When investigations are underway, especially with VAT, it is often forgotten to do the VAT annual adjustment. Partly exempt businesses are required to review the VAT paid over the previous 12 months and make an annual adjustment.

So, what should you be doing to maximise your claim?

One of the basic VAT rules is that you can’t reclaim VAT on purchases which you use to make exempt sales. But some expenses, essentially overheads such as premises and IT costs, may be used in the process of making exempt and vatable sales. This is known as residual VAT and you are entitled to reclaim a portion of it.

HMRC’s standard method for working out reclaimable residual VAT involves comparing the value of your exempt and vatable sales in each VAT period. For example, if your vatable sales for a quarter were £200,000 and your exempt sales were £50,000 then you are entitled to reclaim 20% of the residual VAT.

Having made a quarterly calculation of the residual VAT you can reclaim, you’re not quite out of the woods. Remember that for the return period which includes 31st March you are required to repeat the calculation for a 12 month period. If this shows a difference compared with the VAT you actually reclaimed, which will almost always be the case, you will have to account for it in your next VAT return. This might mean paying or reclaiming more VAT – either way the annual adjustment must be made.

Tip of the day

To avoid the need to relatively small adjustments the rules including a de minimis limit. If the total VAT in the period that relates to exempt supplies (including the claimable proportion of the residual tax) is less than £625 per month on average, and not more than 50% of the total VAT you paid on purchases, you can reclaim it in full.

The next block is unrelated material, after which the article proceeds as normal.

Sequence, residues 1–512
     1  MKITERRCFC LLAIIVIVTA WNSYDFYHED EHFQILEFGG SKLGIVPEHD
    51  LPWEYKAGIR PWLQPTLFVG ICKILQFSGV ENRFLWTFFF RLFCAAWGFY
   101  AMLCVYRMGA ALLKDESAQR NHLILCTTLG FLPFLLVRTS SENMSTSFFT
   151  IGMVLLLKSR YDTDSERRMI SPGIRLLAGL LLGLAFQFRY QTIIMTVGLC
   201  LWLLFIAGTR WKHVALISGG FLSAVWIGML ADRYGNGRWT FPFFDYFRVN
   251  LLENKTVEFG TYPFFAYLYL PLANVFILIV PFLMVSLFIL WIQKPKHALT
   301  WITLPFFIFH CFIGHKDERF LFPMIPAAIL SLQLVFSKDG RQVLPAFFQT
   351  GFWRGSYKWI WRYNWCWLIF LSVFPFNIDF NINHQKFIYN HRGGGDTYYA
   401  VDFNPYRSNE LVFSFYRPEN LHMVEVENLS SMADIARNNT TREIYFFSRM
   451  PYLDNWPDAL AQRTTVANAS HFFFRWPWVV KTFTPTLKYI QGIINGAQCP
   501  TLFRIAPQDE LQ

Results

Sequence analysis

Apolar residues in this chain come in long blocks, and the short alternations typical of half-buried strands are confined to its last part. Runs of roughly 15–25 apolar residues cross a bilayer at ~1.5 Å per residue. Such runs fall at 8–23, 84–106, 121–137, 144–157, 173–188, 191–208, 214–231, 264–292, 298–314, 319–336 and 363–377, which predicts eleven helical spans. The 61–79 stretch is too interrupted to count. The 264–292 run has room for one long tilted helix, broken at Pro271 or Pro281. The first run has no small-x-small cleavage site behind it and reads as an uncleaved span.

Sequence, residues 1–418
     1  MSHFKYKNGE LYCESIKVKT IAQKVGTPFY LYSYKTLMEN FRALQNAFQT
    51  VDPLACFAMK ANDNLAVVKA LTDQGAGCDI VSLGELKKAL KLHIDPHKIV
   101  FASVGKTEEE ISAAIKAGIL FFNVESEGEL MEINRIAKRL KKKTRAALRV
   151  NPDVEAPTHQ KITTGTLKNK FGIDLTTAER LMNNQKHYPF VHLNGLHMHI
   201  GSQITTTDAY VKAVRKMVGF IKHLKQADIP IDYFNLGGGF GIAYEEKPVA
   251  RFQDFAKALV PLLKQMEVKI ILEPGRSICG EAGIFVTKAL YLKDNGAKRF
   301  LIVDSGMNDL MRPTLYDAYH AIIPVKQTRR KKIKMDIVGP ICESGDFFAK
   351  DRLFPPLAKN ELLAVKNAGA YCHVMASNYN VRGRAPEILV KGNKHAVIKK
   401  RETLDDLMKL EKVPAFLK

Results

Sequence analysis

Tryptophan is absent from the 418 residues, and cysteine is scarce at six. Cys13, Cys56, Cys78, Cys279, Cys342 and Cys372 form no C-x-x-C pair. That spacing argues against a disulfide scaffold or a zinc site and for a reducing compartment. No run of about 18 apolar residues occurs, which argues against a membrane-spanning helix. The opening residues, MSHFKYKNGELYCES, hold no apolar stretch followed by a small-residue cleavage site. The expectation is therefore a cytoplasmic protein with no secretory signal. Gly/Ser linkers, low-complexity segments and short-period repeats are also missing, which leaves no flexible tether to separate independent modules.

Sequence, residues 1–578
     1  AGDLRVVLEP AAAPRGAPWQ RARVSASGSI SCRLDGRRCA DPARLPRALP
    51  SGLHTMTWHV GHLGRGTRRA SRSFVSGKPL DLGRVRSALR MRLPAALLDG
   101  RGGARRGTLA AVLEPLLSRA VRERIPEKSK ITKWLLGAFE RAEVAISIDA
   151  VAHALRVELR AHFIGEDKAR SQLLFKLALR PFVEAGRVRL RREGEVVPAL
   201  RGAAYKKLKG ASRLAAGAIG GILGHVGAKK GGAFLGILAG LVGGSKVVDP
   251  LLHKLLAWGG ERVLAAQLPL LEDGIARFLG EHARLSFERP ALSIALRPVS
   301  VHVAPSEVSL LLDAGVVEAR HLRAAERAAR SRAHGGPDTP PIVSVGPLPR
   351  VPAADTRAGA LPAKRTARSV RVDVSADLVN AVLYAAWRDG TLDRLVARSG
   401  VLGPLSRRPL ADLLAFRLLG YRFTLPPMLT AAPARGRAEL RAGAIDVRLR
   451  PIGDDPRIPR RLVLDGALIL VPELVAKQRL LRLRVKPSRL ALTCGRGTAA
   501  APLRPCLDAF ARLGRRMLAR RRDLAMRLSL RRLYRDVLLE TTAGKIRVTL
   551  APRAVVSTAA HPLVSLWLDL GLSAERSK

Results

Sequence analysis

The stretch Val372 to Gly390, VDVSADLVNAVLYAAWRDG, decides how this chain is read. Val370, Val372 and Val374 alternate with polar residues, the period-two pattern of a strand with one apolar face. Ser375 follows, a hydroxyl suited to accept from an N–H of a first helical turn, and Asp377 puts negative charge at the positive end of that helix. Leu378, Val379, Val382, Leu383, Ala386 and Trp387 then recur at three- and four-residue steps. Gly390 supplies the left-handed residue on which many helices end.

Don’t forget to check for excluded transactions. Some should be excluded from your calculations of reclaimable residual VAT. These are easily overlooked in your quarterly returns so make sure you pick them up when calculating your annual adjustment.

So, when working out the value of your exempt and vatable supplies leave out the following:

  1. Sales of capital items – for example vans, cars and other machinery – unless your business is of course selling them.
  2. Some types of incidental supplies such as those relating to the sale of land or financial services transactions.

Making your annual adjustments calculation is the perfect time to consider whether using a so called special method, instead of the standard method, which might allow you to reclaim more residual VAT. A special method can use any formula to work out the reclaimable residual VAT as long as it produces a fair and reasonable result.

Hope you find this useful when you next deal with your VAT as this is one of the things that HMRC pick up on very early in the investigation.

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